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Given its enthusiastic reception, Hursthouse's work
is likely to set the agenda for years to come on what virtue ethics is, why we
should believe in it, and what problems it faces. So, good or bad, this is a book that demands attention. It is just as well, therefore, that it is in
fact a very good book. On Virtue
Ethics is written as a textbook with all the clarity and vitality, as well
as scholarship, that one would hope to find in a work aimed at (fairly
sophisticated or mature) undergraduates.
But it is not a simplifying rehash of familiar ideas.
Hursthouse's central argument is that moral
philosophy should be more Aristotelian.
She is not so much interested in getting the better of utilitarians, for
instance, so long as they are of the sophisticated, eudaimonistic, John Stuart
Mill kind, and she is particularly sympathetic with Kantians. Nor does she agree completely with
Aristotle, or anyone else, but instead develops her own theory. This she does in three stages. The first aims to show that many popular
objections to virtue ethics, such as that it cannot guide our decision-making,
are mistaken and that virtue ethics can give us just the same kind of theory
that utilitarians and Kantians offer.
The second concerns the emotions and moral motivation, and tries to show
that virtue ethics, while better than the alternatives, is not as different
from Kant's view as is generally supposed.
Finally part III argues that it is rational and natural, in an objective
sense, for human beings to be virtuous.
Hursthouse stresses that virtue ethics can tell us
what to do, but it cannot make life easy for us. For instance, in some cases what it tells us to do is simply to
ask a virtuous person for advice. If
moral philosophy cannot provide an algorithm for life's problems, we might
think that it should be purely descriptive, but a complete description of every
possible moral problem, or its solution, is not possible. So any moral theory can only offer a
somewhat schematic view of moral life, albeit a very sophisticated one in
Hursthouse's case. It seems inevitable
that her view will strike some (Wittgensteinians, say) as still too simplified
and others (Benthamites for instance) as impractically complex or open.
Hursthouse's other main aim is to provide, not
motivating reasons to be ethical, but 'purely philosophical' justification for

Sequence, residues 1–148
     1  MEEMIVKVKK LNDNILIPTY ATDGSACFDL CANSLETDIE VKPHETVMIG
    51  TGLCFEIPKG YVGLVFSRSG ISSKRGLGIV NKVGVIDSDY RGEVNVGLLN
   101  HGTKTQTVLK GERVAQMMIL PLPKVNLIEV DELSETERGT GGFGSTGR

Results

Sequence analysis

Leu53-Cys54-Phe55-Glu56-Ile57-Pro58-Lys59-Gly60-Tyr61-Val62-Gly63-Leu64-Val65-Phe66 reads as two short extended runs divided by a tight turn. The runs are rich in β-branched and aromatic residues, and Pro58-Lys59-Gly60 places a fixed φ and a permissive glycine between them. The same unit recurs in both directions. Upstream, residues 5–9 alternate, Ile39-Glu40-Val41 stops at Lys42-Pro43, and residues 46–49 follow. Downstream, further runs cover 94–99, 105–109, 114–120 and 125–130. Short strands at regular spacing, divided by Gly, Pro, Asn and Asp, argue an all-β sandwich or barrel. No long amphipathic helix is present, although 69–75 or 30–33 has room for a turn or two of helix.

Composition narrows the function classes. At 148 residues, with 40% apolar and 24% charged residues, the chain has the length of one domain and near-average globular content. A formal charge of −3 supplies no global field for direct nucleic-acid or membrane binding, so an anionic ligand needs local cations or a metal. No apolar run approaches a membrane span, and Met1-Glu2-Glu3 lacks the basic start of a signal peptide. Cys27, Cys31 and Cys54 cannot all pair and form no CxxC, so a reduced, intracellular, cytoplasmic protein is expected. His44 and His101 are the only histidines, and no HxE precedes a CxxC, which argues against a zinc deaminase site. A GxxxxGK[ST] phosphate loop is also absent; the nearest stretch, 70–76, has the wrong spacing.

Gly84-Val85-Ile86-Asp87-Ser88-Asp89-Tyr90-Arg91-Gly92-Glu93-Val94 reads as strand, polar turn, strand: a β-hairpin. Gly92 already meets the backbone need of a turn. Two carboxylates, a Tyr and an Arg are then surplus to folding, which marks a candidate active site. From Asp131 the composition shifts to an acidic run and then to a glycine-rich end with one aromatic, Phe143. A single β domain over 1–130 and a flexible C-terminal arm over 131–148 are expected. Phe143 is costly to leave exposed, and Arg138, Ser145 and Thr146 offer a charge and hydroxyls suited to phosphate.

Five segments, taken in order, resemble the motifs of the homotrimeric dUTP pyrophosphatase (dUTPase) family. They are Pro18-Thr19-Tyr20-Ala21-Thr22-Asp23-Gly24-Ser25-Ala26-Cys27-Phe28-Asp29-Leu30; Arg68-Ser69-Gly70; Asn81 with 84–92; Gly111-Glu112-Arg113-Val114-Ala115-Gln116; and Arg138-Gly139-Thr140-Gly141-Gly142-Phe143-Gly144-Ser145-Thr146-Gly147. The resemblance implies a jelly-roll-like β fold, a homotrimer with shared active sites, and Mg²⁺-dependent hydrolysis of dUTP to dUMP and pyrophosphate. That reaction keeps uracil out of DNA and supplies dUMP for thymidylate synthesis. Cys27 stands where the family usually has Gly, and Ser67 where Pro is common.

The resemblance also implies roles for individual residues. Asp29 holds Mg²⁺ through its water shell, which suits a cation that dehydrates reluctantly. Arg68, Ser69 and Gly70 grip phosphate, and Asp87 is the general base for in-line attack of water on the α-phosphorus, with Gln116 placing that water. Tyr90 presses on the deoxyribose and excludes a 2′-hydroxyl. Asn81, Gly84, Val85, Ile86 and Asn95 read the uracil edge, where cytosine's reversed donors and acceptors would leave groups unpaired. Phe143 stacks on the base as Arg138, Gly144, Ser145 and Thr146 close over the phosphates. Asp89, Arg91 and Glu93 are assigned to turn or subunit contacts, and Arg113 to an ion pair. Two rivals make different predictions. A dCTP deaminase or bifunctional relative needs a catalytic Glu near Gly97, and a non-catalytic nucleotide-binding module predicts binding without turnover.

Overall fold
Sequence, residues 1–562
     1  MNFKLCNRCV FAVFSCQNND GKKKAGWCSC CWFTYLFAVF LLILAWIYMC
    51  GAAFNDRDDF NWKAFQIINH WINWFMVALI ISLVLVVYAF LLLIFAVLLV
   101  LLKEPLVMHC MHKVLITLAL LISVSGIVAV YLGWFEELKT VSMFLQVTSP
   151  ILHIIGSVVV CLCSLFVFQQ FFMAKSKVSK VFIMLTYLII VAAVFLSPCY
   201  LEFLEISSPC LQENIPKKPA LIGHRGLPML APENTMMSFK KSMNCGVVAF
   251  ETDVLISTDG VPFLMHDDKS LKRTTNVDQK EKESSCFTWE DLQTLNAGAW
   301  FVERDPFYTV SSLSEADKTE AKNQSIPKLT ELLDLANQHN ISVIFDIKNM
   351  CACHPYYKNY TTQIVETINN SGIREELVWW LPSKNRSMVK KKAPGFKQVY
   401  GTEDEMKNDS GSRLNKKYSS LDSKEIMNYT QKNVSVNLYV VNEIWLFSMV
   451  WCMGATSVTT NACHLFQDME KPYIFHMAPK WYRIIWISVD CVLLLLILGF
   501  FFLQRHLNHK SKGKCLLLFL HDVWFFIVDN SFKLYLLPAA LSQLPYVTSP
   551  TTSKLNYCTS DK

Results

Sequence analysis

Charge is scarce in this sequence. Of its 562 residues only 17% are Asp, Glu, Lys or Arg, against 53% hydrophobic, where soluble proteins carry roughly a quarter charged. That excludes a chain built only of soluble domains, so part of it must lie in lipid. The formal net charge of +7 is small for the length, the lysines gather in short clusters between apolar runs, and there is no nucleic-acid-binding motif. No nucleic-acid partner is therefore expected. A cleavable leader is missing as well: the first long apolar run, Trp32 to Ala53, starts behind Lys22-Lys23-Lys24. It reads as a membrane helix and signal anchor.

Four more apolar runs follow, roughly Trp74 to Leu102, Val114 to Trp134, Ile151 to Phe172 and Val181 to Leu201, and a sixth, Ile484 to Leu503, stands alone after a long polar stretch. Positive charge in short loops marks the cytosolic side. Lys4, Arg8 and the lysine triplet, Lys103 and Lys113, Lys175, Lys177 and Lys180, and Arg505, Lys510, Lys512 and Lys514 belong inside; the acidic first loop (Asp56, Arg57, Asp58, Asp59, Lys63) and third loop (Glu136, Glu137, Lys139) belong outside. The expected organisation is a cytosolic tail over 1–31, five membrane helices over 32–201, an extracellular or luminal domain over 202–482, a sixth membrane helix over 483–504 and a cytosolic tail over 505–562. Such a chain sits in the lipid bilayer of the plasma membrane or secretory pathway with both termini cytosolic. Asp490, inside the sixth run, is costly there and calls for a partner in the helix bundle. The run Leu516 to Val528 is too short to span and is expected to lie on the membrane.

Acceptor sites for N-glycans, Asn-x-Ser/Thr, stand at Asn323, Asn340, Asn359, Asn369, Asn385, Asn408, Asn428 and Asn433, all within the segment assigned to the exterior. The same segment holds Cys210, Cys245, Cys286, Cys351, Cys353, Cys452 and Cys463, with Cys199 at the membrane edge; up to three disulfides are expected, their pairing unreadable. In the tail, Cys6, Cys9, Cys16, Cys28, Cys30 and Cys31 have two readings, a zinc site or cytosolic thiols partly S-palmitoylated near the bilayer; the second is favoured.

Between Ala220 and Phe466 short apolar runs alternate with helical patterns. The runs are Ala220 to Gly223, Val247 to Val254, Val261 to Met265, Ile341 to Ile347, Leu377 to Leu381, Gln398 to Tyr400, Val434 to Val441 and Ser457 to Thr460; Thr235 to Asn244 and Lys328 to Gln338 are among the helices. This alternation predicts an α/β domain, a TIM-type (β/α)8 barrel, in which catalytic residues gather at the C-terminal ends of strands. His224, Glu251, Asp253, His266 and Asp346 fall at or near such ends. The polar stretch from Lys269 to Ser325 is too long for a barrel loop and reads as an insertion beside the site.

the life of virtue. The truly honest
will value honesty for its own sake and no reason for being honest can ever be
given that is wholly value-free, she argues.
But it is also possible to see that honesty benefits both its possessor
and humanity more generally, although it is not guaranteed to work perfectly in
every case. Hursthouse judges whether a
characteristic makes for happiness partly by "the smile factor," a
subjective assessment of how happy someone seems. This of course will not satisfy the more scientifically minded,
but Hursthouse is offering a beginning, a promising program for research, not a
completed account of the whole truth about ethics.
Another problem for virtue ethicists is pinning down
just what it means to have any particular virtue or vice. Hursthouse considers honesty, for instance,
to be a permanent and deep state of a person's character, which can make it
sound as though it is some condition of the brain that predisposes us to behave
in certain characteristically honest ways.
But I think she means something less empirical than that, something more
grammatical (in the Wittgensteinian sense).
Hursthouse makes frequent references to science (especially animal
behavior) but most of her argument is based on appeal to what we (or what
virtuous people) say and think about this case and that. This is a familiar, and probably inevitable,
way to think about ethics, but we can see some problems for it in Hursthouse's
controversial suggestion that non-vegetarianism (generally) is intemperate and
that seemingly brave Nazis are not in fact brave at all. She might be right, but even long and
careful dialogue is likely to leave disagreements about what to say about such
So Hursthouse has not put paid to all the standard
objections to virtue ethics. She has,
though, given good reason to take it seriously. She responds to many critics in the terms on which they seem to
insist. She bases her argument on a
sensitive, subtle, and realistic account of what we actually believe. She is reassuringly naturalistic. Perhaps most of all, what she has done is to
reduce the sense of rivalry between theories.
The more sophisticated and realistic theories get, the more they tend to
resemble each other. Perhaps we are now
on the way to a unified theory of ethics.
Or perhaps increased sophistication and sensitivity will deny the
possibility of anything recognizable as a theory. It will be interesting to see.
2002 Duncan Richter
Richter is an Associate Professor at the Virginia Military Institute in the
Department of Psychology and Philosophy.
He is the author of Ethics
After Anscombe: Post "Modern Moral Philosophy (Kluwer, 2000) and several papers on ethics
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